20110711, 07:05  #1 
May 2011
23 Posts 
Filtering
Hi,
I have a question to ask. Based on the filtering step, is the 1st maximum bound 2^32 since the bucket is [0,2^32] and uint32 is used for filtmin_a and filtmin_r? If so, isn't the bound limit a little low if larger numbers are used? Or did i misunderstood the code. Thanks! 
20110711, 10:27  #2 
(loop (#_fork))
Feb 2006
Cambridge, England
3^{3}·239 Posts 
The filtmin parameter serves to divide ideals into 'small' and 'large'; these roughly correspond to the small and largeprime bounds in sieving, though it's not an exact match. Even for RSA768 the sieving was done with 'small'=2^30. So this particular limit is not a serious restriction at present.

20110711, 10:50  #3 
Tribal Bullet
Oct 2004
5×709 Posts 
This is one of several limitations in the filtering that prevents it being realistically used for extremely large problems. A more pressing limitation is that relation numbers max out at 2^32 so that a factorization must have less than 4 billion relations. We're already 25% of the way to that limit for the largest Msieve jobs, but getting further will require an update to the sieving tools that people use.

20110711, 12:23  #4 
May 2011
23 Posts 
I see.. Other than the filtering bound and number of relations limitations, are there other limitations that prevents the filtering step from being realistically used for extremely large problems?

20110711, 17:17  #5 
Nov 2003
2^{2}·5·373 Posts 

20110711, 19:57  #7 
Tribal Bullet
Oct 2004
5×709 Posts 
Besides the limit on the number of relations, there are only a few things stopping, say, filtering on RSA768size numbers, i.e. many billions of relations:
 clique removal needs to be possible from disk files  duplicate and singleton removal needs to be MPIenabled, otherwise the size of internal hashtables will exceed the memory of the machine  inmemory clique removal has an internal 16GB limit on the size of an intermediate structure With all of these done and a largememory machine for the merge phase, we'd be good to go. There's a parallel problem that the sieving tools would need to be comfortable with large primes > 2^33 
20110712, 14:34  #8  
Bamboozled!
"๐บ๐๐ท๐ท๐ญ"
May 2003
Down not across
2^{2}×3×941 Posts 
Quote:
Back in the days of NFSNET we (I and Don Leclair, IIRC) wrote duplicate and singleton removal software for a single threaded single process environment. It wasn't perhaps as fast as it would have been had more memory been available but it worked well. Perhaps I should dig up the remdup.c software and then take this discussion offline. Paul Last fiddled with by xilman on 20110712 at 14:34 Reason: Fix /tag] 

20110712, 17:51  #9 
Tribal Bullet
Oct 2004
5×709 Posts 
MPI isn't strictly needed, but when there's a terabyte of relations then you have to account somehow for intermediate lists of things (primes, ideals, relation numbers or coordinates, etc) exceeding the memory of the filtering machine. That becomes much more manageable given a cluster of average size machines all pulling information out of the same dataset and boiling it down by themselves, with a global pass at the end to reconcile all the results.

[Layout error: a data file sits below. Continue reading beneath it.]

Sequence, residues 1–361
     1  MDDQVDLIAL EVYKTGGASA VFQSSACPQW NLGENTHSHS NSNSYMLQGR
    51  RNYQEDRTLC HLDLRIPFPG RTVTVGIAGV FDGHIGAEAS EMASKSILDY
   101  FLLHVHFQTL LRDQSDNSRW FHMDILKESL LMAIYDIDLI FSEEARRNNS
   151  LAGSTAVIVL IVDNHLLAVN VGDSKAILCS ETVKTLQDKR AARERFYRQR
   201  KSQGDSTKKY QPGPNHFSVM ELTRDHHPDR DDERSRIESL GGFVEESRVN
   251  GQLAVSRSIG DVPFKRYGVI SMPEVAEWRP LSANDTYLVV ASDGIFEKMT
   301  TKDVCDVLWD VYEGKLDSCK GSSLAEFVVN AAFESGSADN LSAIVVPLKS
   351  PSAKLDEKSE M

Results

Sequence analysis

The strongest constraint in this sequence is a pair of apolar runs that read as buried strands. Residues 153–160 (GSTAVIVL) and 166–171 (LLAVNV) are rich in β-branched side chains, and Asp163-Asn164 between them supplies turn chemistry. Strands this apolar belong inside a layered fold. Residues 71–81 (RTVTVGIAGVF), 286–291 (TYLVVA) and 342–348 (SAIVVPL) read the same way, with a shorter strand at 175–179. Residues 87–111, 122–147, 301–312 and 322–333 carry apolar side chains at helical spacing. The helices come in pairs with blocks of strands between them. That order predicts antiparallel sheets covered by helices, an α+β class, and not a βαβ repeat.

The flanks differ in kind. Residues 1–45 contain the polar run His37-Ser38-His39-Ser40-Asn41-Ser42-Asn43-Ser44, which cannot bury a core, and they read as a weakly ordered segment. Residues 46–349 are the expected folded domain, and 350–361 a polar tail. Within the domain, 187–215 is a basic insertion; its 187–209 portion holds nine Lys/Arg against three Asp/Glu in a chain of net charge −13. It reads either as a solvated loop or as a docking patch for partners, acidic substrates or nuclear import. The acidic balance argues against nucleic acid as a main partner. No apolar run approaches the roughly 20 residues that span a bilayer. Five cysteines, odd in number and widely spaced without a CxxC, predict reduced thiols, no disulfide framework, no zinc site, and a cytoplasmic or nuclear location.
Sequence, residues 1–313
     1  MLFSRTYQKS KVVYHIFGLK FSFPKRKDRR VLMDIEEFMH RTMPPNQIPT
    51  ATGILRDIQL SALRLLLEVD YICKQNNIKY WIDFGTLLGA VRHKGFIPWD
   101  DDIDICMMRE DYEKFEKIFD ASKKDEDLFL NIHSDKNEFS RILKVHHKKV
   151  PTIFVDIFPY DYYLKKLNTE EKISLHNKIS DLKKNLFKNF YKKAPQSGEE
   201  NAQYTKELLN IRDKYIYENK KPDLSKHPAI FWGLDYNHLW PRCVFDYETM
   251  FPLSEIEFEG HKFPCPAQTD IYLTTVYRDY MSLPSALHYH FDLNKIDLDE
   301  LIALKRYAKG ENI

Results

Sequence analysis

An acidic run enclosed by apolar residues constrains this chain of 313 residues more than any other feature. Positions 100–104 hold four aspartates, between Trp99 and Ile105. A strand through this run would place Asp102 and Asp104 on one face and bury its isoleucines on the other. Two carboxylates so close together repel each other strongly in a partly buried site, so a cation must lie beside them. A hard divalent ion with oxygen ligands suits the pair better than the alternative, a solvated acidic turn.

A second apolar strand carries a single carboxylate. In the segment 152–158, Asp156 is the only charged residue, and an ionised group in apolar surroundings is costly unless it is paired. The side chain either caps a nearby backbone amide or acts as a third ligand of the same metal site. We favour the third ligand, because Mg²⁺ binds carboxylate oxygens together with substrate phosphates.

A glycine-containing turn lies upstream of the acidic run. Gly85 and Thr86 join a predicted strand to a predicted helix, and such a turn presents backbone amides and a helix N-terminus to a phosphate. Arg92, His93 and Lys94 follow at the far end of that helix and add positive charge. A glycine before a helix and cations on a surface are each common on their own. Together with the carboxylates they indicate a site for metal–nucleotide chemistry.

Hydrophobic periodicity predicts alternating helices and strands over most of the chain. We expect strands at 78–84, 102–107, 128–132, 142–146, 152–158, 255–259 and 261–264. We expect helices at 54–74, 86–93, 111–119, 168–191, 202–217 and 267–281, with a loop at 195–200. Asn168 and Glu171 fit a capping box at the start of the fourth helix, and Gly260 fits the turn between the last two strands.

For singleton removal, you at least have to have a hashtable that maps primes or ideals to a unique number, so that relations can be assigned an ideal list. Right now the size of that hashtable is the limiting factor in the memory use of the filtering. (Yes I know there are loads of spaceefficient hashtable implementations out there) 
20110713, 06:00  #10 
May 2011
23 Posts 
I see.. okie! So upgrading the filtering steps should not be that complex but rather because of the current sieving limitations, there is not much incentives to cater for large numbers (>768) factorization yet right?
Sorry one more question, i am stuck with understanding how the first bound is chosen. What is the role of bin_max, bin_min and hits_per_prime in the duplicate.c source code? Anyway, thanks guys for all the help you guys provided! Really appreciate it! =) 
20110713, 11:21  #11  
Tribal Bullet
Oct 2004
110111011001_{2} Posts 
Quote:
We have a histogram of the number of times a prime occurs, which was computed essentially for free when the first duplicate removal pass ran. Every prime < 2^32 encountered in every relation (including the duplicates :) increments the count in one 128ksize bucket. Then the average number of times a prime appears in bucket i is approximately (count of hits in bucket i) / (number of primes in bucket i) and the desired filtering bound is the middle of the first bucket (working from 2^32 backwards) where this number exceeds 40.0. We don't need to count the exact number of primes in bucket i, instead we compute (number of primes less than (start of bucket i+1))  (number of primes less than (start of bucket i)) using the approximation that the number of primes less than x is about x / log(x). These are what bin_min and bin_max are used for, and hits_per_prime is the computed average. If you haven't seen it already, read this for more detail on Msieve's NFS filtering. Most of it is still accurate today. Last fiddled with by jasonp on 20110713 at 11:29 

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